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"RIP Steve Ditko" Topic


15 Posts

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837 hits since 6 Jul 2018
©1994-2018 Bill Armintrout
Comments or corrections?

The Angry Piper07 Jul 2018 2:56 a.m. PST

Still my favorite Spider-Man artist, and one of the all-time great comic illustrators.

McWong7307 Jul 2018 3:50 a.m. PST

True legend.

Wackmole9 Supporting Member of TMP07 Jul 2018 5:42 a.m. PST

He deserves as much acclaim as Jake Kirby did when he passed. I hope someone is guarding his apartment in NYC. He had a amazing collection of art.

Legion 407 Jul 2018 7:06 a.m. PST

Sorry to hear this. Downtown here, there is a Comicon going today too … I'm sure he will be mentioned/honored.

Coelacanth Supporting Member of TMP07 Jul 2018 7:34 a.m. PST

THE Spider-man artist. May he rest in peace.

Ron

Vigilant07 Jul 2018 9:42 a.m. PST

Bought a book on the Marvel characters through the ages yesterday, heard this news today, very sad. As much a part of the Marvel story as Stan Lee and Kirby. RIP.

Lonkka1Actual07 Jul 2018 11:33 a.m. PST

As much as I like Ditko I must state that NO ONE deserves as much acclaim as Jack Kirby!

The Angry Piper07 Jul 2018 1:25 p.m. PST

Both were hugely influential and instrumental in the development of the comic industry as we know it, and both were treated poorly by Marvel. Steve Ditko's story is a sad and lonely one indeed. This thread is about the passing of a comic legend, namely Steve Ditko. It's not really a contest about who deserves more acclaim, Ditko or Kirby.
Jeez dude, read the room.

goragrad07 Jul 2018 1:59 p.m. PST

RIP

Parzival07 Jul 2018 8:23 p.m. PST

I was just reading about Stan Lee's decision to give Spider-man to Ditko because Ditko drew more realistic heroes, while Kirby made his imposing and heavily muscled. Lee recognized that for the more vulnerable character of a teenager with real life problems, a less over-the-top look was crucial. An absolutely brilliant decision, and Ditko brought Peter Parker and Aunt May to life as much as he did Peter's alter ego, Spider-man. He also produced Spider-man's unique fighting style poses, carrying off the concept of a hero who wasn't a blunt-force brawler, but a nimble, acrobatic in-and-out artist-- truly a "spider man."

Thank you for years of joy, Mr. Ditko. RIP.

Oberlindes Sol LIC Supporting Member of TMP08 Jul 2018 10:29 a.m. PST

I found Spiderman on the comic book rack at the drug store one cold, snowy, day when I was 6 or 7 years old and had a bad, nose-running, feverish cold. It is possible that I was at the drug store because my mom was buying medicine for me.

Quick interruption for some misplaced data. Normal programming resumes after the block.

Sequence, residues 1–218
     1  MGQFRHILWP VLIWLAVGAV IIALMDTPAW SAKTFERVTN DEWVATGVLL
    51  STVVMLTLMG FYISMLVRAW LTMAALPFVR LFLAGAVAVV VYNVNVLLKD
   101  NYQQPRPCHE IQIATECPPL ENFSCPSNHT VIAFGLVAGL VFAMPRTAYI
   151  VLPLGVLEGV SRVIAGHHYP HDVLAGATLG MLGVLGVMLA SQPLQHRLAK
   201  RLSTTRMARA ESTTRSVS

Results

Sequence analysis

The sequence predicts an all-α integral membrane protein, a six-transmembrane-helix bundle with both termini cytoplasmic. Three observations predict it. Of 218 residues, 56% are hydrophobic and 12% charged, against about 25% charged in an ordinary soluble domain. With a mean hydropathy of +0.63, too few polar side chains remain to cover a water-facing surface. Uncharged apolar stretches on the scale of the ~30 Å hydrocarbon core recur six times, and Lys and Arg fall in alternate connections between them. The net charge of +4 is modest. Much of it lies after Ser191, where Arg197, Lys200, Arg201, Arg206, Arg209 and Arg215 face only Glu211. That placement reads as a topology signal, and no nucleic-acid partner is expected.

Anyway, I started thumbing through the comic book and saw that Peter Parker, who I knew was Spiderman, was suffering through a cold, snowy day with a bad headcold. I asked my mom to buy the comic book, and she did, probably happy to give me anything that would keep my interest and let me feel less miserable.

Anyway, thank you, Mr. Ditko. You and Stan Lee kept my interest and let me feel less miserable for years.

Even my mom would read my Spiderman comics now and then.

chromedog11 Jul 2018 4:03 a.m. PST

I've gotta be honest here.

I read the name and had to ask "who?"

Maybe it's because 2000AD was something I'd read over ANY marvel or DC comic if given a choice. Over the years, I've only read about 4 Marvel comics (as in single issues, and one of them was Star Wars) and maybe a dozen DC titles (collections for TDKR, the killing joke, and a few others).

Steve Dillon's death meant something to me. Not because he was one of the co-creators of "Preacher" for DC, but because of his work on 2000AD.

The Angry Piper11 Jul 2018 7:58 a.m. PST

Steve Dillon is dead???!!!

Parzival11 Jul 2018 4:15 p.m. PST

Well, Steve Dillon would definitely have known who Steve Ditko was (as, for one thing, Dillon got his own start drawing art for Marvel!). While I appreciate that you limited your reading to a British comic produced decades after Dikto's work, it's a bit like saying "Edgar Allen Poe who? I only ever read Stephen King." Stan Lee, Steve Ditko and Jack Kirby broke new ground in late 20th century comics, issuing in the era that would lead to 2000AD and other works. Though you may not realize it, even satirical British SF comics owe their origins to Marvel and, yes, DC. Whether through art, story and setting concepts or the approaches to sequential storytelling, Lee, Ditko and Kirby greatly altered the comics world, and their influence is there in everything you loved, too. Sometimes it's hard to come along after the hyper-detailed art of the '80s through today and look at and appreciate the cleaner, simpler (and sometimes subtler) work of the '60s, but that work was father to the work that followed (and, frankly, was performed by artists working for less pay and with far less (if any) critical acclaim from the artsy crowd, compared to today, where comic book art is treated as fashionable, trendy and even avant garde). Quite seriously, without Spider-Man and his fellow "long underwear" types, there is no Judge Dredd.

So, whether you know it or not, Steve Ditko meant a lot to you.

chromedog15 Jul 2018 2:28 p.m. PST

I read a handful of marvel/DC supers stuff in the early 80s then stopped reading until the 90s, when I discovered Dark Horse. Pretty much ignored Marvel after the 80s.

I'm sure Steve Dillon would have known of Ditko's work – but I still wouldn't recognise it if you slapped me in the face with it.
I don't worship at the shrine of Lee, either.
These days, I don't even read comics. Local specialist store doesn't carry anything I want to read – and it's full of funko tat and chibi Bleeped text anyway.

The Angry Piper: Yes, Steve Dillon is dead. He died 22 October 2016.

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